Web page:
Extreme ultraviolet Talbot interference lithography

Significance Statement

This work developed a hybrid, compact, table top EUV lithography technique which is capable to print arbitrary periodic pattern with sub-wavelength resolution in a single exposure step. This innovative nano-printing technology integrated both interference and Talbot EUV lithography together so that higher resolution nanopatterns with flexible design rules can be obtained with larger depth of focus compared with traditional imaging technique.

Interference lithography so far still holds the record of printing nanopatterns with highest pitch resolution. However the design rules for interference lithography is limited to simple periodic pattern like gratings or arrays of dots. More complex pattern like photonics waveguide cannot be print within single exposure. A lithography tool with high registration accuracy is needed in this case, which is extremely expensive.

On the other hand, Talbot lithography offers a flexible design rule which is capable of printing arbitrary periodic pattern. However, there is a conflict between depth of focus and resolution which make this technology possible but expensive and difficult to use for high resolution nanopatterning.

This paper examined the physics modelling and the experimental demonstration to prove a hybrid lithography solution which combines Talbot and interference technique together so that unique benefits from both sides can be obtained. At a common Talbot plane, two Talbot images generated by coherent EUV laser illumination are superimposed. In this way, the interference pattern is modified by a defined Talbot image. This method enables filling the arbitrary shaped cells produced by the Talbot effect with fine interference features, relaxing the fabrication constrains of the mask and extending the DOF of the exposure. With a simple experimental setup, Talbot interference lithography (TIL) can claim the advantages of both lithography methods, interference lithography and Talbot lithography, creating a pattern that neither of them can accomplish separately.  

Figure Legend: Scheme of Talbot Interference lithography and a zoomed-in experiment result demonstration.

Extreme ultraviolet Talbot interference lithography-Advances in Engineering

About the author

Dr. Li received his PhD degree from Colorado State University and is now working at Intel Corp. in a lithography development group. His research is focused on table-top coherent EUV lithography.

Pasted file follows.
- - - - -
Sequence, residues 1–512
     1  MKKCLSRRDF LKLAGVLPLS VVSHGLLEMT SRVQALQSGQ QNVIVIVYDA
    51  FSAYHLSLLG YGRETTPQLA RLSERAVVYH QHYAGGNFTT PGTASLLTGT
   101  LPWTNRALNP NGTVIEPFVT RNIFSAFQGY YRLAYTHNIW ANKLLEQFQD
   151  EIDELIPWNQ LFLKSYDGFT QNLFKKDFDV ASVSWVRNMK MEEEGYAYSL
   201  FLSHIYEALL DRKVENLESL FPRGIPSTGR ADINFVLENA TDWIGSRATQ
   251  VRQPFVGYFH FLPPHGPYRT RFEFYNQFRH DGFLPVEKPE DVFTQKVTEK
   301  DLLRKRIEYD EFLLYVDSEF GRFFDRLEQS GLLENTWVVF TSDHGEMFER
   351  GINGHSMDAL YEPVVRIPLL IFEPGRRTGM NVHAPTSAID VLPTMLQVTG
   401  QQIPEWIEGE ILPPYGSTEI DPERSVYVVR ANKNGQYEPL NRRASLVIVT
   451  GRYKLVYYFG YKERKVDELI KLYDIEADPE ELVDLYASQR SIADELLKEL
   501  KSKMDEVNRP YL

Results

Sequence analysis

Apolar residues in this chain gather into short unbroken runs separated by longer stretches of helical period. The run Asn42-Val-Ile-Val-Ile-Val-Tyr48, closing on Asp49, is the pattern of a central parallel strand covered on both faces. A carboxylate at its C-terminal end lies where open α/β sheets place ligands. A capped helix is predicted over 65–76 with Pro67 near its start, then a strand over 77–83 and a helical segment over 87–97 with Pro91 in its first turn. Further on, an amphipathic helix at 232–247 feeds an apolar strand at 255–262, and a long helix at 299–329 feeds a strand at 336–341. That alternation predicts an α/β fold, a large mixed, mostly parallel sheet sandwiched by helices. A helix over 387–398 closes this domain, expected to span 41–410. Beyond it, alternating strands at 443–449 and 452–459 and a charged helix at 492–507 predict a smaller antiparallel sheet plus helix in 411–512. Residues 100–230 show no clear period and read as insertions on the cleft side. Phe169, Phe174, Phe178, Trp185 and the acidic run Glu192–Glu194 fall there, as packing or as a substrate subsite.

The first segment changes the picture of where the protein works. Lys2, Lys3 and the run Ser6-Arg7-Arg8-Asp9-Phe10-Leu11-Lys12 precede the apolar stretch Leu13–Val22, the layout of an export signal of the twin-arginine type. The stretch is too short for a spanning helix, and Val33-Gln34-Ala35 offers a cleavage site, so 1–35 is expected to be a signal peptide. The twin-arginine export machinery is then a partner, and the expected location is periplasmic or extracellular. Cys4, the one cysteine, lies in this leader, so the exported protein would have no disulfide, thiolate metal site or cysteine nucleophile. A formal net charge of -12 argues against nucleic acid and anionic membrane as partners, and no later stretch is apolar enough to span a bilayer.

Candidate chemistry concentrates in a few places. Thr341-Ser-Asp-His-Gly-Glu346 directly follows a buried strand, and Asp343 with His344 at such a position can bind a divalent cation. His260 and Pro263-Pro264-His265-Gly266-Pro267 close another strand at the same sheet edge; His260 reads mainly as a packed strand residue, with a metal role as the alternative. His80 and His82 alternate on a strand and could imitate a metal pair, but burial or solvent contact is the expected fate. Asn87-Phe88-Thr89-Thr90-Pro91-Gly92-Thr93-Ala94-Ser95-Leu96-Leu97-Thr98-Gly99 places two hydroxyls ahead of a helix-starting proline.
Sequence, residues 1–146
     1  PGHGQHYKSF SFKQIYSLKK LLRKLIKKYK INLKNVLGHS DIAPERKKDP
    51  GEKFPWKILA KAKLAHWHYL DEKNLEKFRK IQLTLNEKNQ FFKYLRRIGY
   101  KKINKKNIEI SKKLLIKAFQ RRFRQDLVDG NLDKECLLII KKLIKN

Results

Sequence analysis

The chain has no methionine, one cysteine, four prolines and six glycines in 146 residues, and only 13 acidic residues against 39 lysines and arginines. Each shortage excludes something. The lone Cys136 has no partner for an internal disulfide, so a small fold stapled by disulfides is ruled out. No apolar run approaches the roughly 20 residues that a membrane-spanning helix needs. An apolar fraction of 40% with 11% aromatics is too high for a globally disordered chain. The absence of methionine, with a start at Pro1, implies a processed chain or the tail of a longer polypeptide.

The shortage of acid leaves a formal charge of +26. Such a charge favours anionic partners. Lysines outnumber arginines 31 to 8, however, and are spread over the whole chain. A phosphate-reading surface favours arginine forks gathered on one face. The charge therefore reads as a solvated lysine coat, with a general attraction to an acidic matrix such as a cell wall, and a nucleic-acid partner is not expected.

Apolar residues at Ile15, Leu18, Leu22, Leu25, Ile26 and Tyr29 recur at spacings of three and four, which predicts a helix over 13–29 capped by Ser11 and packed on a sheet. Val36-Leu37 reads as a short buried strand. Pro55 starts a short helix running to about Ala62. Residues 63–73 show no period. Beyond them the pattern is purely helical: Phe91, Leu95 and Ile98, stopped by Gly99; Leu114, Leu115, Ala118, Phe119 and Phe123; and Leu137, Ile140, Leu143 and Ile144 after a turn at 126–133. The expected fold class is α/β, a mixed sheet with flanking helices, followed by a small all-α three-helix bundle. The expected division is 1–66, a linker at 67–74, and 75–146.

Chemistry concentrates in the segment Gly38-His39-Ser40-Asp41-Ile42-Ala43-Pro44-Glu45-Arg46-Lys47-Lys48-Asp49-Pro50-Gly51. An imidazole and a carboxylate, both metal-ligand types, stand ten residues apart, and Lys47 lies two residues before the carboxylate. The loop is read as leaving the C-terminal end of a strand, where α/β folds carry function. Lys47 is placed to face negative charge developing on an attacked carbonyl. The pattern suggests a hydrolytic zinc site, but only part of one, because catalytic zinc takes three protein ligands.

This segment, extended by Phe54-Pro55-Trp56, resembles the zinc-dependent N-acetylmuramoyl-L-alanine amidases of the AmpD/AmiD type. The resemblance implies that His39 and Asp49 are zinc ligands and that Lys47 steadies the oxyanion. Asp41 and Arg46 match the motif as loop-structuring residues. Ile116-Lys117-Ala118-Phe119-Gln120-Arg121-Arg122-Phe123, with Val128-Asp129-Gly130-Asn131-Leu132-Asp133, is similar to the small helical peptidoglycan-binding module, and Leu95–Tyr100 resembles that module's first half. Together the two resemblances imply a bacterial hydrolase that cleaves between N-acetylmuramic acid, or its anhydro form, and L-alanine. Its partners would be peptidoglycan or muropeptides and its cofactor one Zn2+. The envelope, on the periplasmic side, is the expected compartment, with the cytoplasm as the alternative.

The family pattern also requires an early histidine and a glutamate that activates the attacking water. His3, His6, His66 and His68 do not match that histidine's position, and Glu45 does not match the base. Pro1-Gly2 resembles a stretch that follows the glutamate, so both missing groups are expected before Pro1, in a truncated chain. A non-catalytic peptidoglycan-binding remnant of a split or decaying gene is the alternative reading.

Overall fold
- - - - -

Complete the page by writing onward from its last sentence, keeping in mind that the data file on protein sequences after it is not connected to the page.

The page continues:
He worked for Dr. Marconi and his EUV lithography group from 2010 summer to 2015 winter. This group belongs to NSF engineering research center for EUV science and technology. Dr. Li is a R&D researcher capable of making breakthroughs of novel nanofabrication approaches from physical concepts to manufacturing process by overcoming fundamental physic limits. His research offered brand new alternative approach for small business or research institute to fabricate arbitrary periodic nanopatterns with high resolution in a table top footprint. Unless traditional lithography technique, this lensless idea has much more flexibility and is capable of printing ultra-fine features without a demanding request for expensive scanner.

Dr. Li’s research interests range from tool development for nanofabrication to novel optics simulation. Multiple papers based on his research have been published on peer-reviewed journals like Optics Express and Nature communication.

Journal Reference

Opt Express. 2015 Oct 5;23(20):25532-8. doi: 10.1364/OE.23.025532.

Li W, Marconi MC.

Engineering Research Center for Extreme Ultraviolet Science and Technology and Electrical and Computer Engineering Department, Colorado State University, Fort Collins, Colorado 80523, USA

Abstract

Periodic nanopatterns can be generated using lithography based on the Talbot effect or optical interference. However, these techniques have restrictions that limit their performance. High resolution Talbot lithography is limited by the very small depth of focus and the demanding requirements in the fabrication of the master mask. Interference lithography, with large DOF and high resolution, is limited to simple periodic patterns. This paper describes a hybrid extreme ultraviolet lithography approach that combines Talbot lithography and interference lithography to render an interference pattern with a lattice determined by a Talbot image. As a result, the method enables filling the arbitrary shaped cells produced by the Talbot image with interference patterns. Detailed modeling, system design and experimental results using a tabletop EUV laser are presented.

Go To Opt Express

 

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